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CHS, InVivo extend strategy of grain expansion via tie-ups

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CHS, North America's biggest farm co-operative, extended the list of tie-ups through which it is expanding abroad by unveiling a joint venture in Hungary with InVivo, one of Europe's top ag traders.

CHS said it agreed with InVivo to form a 50:50 joint venture, named ICGrain, which will source grain from Hungarian growers "for export to global food and feed companies".

The tie-up represents a series through which Minneapolis-based CHS has extended its reach, with the last year bringing the purchase of a 50% stake in Australia's Broadbent Grain, and joint investments with the likes of Noble, E-Grain and Lartirigoyen in an Argentine export terminal.

In Europe, CHS in June last year unveiled a fertilizer sourcing agreement with UK grain merchant Gleadell, which is equally owned by InVivo and US-based ag giant Archer Daniels Midland.

'Adds tremendous value'

CHS said that assets it would contribute to ICGrain included an inland silo at Oroshaza in south eastern Hungary, while Invivo will fold in its Baja terminal further west, on the Danube river.

The venture will extend CHS's reach in grain origination, improve access to the Danube, a hugely-important artery for transporting central European grains, and indeed "improves barge delivery" to the co-operative's Black Sea port terminal at Constanta, in Romania, CHS said.

"Our new partnership with Invivo adds tremendous value to our member owners and customers," said Roger Baker, the Swiss-based manager of CHS's European operations.

'Ambitious growth'

For Invivo, Jerome Duchalais, deputy managing director, said that previous dealings with CHS had demonstrated that "we share many of the same business objectives, in addition to the fact that CHS and InVivo are both leading co-operative groups within their respective countries".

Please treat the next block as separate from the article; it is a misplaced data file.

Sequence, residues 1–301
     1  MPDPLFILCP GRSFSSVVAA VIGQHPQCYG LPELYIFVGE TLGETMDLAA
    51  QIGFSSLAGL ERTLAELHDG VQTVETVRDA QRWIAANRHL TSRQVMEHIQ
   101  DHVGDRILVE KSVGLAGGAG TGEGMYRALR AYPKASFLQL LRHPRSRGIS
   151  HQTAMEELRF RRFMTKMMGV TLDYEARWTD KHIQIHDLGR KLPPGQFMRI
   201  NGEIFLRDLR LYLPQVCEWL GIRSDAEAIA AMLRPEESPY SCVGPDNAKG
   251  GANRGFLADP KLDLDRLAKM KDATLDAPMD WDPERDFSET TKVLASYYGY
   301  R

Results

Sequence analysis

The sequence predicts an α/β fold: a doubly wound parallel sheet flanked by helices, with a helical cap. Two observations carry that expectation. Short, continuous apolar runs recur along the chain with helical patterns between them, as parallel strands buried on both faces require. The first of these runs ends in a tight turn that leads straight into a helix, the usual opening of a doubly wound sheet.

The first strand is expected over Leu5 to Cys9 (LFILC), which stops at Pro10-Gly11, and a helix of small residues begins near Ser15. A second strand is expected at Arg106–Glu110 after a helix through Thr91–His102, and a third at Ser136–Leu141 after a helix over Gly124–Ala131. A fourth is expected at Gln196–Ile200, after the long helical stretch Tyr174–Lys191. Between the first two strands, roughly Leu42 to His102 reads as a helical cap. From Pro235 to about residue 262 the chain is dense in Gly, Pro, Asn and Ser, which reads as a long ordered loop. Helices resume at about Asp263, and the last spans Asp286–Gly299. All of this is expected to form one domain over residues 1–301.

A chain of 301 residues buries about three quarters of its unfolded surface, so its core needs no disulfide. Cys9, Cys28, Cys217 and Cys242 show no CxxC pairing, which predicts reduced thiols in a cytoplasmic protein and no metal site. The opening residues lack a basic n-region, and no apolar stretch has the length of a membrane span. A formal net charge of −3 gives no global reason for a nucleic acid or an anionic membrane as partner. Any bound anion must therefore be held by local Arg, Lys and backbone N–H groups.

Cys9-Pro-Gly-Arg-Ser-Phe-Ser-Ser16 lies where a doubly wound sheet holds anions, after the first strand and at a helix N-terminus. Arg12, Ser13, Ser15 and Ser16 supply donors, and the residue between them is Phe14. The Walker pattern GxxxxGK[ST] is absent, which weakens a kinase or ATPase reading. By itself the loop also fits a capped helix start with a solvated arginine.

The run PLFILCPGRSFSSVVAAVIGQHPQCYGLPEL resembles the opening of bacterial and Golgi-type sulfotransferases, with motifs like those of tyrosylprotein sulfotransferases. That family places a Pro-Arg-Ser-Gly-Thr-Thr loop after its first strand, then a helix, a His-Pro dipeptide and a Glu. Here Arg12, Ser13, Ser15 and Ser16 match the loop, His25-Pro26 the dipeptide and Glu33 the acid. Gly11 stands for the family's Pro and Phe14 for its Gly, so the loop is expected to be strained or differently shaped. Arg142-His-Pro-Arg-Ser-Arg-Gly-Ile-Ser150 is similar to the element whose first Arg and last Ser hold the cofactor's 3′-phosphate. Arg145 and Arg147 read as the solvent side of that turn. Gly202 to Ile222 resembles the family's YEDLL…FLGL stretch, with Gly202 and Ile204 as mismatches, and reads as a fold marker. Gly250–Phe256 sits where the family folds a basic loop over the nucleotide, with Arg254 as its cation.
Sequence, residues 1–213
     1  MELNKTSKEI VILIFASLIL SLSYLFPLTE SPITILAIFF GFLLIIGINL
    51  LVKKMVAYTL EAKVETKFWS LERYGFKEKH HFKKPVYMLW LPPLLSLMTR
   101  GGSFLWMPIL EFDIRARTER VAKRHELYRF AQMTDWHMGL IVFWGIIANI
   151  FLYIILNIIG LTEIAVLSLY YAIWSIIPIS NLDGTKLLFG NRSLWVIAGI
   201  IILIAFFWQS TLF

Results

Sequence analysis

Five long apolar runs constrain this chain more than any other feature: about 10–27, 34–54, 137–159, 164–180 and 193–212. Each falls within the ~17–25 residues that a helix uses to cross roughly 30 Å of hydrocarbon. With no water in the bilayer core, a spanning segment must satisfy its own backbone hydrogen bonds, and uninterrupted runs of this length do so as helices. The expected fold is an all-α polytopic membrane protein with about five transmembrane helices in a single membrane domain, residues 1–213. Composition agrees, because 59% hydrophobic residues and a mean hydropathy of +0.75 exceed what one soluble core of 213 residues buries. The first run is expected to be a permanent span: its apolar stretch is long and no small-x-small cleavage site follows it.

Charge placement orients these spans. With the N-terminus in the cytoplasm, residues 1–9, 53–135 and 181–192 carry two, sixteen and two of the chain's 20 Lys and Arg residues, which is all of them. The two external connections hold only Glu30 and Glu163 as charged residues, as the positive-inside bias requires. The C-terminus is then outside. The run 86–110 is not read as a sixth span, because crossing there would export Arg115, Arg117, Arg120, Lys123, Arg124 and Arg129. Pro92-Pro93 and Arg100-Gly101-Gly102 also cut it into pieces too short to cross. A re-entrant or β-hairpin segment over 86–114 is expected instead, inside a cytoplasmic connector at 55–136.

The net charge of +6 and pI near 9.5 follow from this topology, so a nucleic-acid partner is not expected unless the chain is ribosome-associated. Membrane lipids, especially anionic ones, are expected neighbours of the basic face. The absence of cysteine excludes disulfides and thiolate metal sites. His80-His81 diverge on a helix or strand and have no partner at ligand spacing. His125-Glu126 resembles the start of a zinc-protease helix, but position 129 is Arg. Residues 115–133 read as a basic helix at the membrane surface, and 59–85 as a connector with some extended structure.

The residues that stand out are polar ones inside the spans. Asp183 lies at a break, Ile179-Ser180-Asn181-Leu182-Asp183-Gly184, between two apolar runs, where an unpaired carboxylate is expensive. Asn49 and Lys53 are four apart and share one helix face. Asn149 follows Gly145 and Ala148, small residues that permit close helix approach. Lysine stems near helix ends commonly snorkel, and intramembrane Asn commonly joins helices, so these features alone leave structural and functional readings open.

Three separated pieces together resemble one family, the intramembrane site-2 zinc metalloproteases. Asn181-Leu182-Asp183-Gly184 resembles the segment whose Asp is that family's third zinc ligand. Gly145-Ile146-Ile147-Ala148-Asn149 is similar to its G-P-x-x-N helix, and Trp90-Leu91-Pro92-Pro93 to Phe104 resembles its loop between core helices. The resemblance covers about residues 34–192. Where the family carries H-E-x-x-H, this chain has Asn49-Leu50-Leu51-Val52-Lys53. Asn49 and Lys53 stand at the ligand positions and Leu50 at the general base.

French-based Invivo is a union of 223 agricultural co-operatives, with a combined membership of more than 300,000 farmers.

"The creation of ICGrain is in line with the ambitious growth and international expansion strategy adopted by InVivo Group."

InVivo, which reported revenues of E5.7m for 20134-14, is amidst a shake-up aimed at doubling its sales over the next decade.

It a month ago sealed a E215m ($230m) capital increase for its animal nutrition and health unit, NSA.

InVivo has, in grains, also begun expanding worldwide through tie-ups, in December announcing a Black Sea grain sourcing deal with Archer Daniels Midland.

Hungarian market

Hungary was last year the European Union's seventh largest grains producer, according to Coceral data, with its central continental climate particularly suited to corn, of which it was the bloc's fourth biggest grower, with a 9.1m-tonne harvest.

In oilseeds, it grows mainly sunflowers, achieving a 1.6m-tonne harvest last year, behind only Romania and Bulgaria within the EU, which produced a total of 8.9m tonnes of the crop.

As a landlocked country, it has been a relatively minor exporter to distant markets, with its shipments mostly aimed at other EU countries.


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